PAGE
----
Seventy-one-year-old Mr Zhou has been sharpening cutlery in Shanghai for nearly 30 years. Originally from Anhui Province, Zhou rides his bicycle from dawn to dusk, neighborhood to neighborhood, across the city, covering different districts daily. He sets up his wooden sawhorse and whetstone, announces his presence with musical metal leaves, then waits. "I used to sit in front of residential gates and people would rush out to bring their knives and cleavers to me," Zhou told the Global Times. "But these days, young adults would rather just buy a new knife instead of taking the time to have their old ones sharpened."
Back in his prime, Zhou sharpened up to 50 knives, cleavers and scissors per day; today he averages around half that, at 5 yuan ($0.73) per knife, each which he spends approximately 10 minutes on. He now receives most of his business from wet market mongers, who sharpen their steel cleavers at least once a week.
As there are few roving knife grinders in Shanghai anymore, Zhou still sees a steady income and said he does not expect to retire anytime soon.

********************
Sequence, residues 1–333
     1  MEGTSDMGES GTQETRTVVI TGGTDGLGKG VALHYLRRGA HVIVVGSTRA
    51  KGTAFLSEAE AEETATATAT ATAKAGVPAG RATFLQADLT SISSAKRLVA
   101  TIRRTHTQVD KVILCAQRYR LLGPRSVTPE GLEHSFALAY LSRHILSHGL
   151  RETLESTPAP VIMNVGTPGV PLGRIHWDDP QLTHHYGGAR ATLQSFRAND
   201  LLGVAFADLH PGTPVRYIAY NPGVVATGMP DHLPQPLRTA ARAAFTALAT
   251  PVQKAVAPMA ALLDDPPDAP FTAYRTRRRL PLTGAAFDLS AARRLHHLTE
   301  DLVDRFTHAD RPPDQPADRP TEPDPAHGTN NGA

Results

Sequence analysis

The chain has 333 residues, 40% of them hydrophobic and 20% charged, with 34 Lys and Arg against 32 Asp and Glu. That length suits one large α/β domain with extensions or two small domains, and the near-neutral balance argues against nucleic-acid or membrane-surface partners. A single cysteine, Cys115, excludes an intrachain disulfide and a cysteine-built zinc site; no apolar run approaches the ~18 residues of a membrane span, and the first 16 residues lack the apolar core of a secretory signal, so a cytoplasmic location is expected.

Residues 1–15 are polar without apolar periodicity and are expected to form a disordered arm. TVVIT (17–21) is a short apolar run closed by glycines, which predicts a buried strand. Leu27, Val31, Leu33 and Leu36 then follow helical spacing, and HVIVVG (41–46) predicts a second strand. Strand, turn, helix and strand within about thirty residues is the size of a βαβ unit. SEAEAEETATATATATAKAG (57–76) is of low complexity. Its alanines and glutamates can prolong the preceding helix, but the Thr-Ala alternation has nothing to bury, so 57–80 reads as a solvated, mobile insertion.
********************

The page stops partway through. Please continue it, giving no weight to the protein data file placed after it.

Street life and its clamor of commerce is a hallmark of Chinese culture. Most provincial neighborhoods have their own outdoor knife sharpener, cobbler, barber, locksmith, tailor, fix-it men and food carts - each with their own characteristic call.
But in Shanghai, the use of sidewalks has become a game of cat and mouse between authorities and "disruptive" itinerant vendors, who risk losing the precious tools of their trade if caught.
Zhou is one of several traveling tradesmen and pushcart peddlers in Shanghai who this photographer has attempted to track down for a series on street merchants. As most keep no regular route or schedule, I had to lay in wait for weeks or months at a time until they reappeared where I first encountered them. Many I never saw again.
Over the past few months, many of Shanghai's last street merchants, curbside craftsmen and handcart hawkers, such as popcorn cannons and migrant costermongers, have been run off the sidewalks by chengguan (urban management officers) following the latest crackdown on unlicensed vendors.
Instead of dealing with the complicated procedures to obtain a license, many simply retire from their trade, leaving Shanghai with one less craftsman skilled in the old-school arts.
Residents who once relied on traveling tradesmen setting up shop outside their community gates have grown collectively impatient with their increasingly erratic appearances.
Locals are thus now more inclined to repurchase mass-produced products at commercial shops than wait around weeks or months just to have something old sharpened, repaired or mended. And so it goes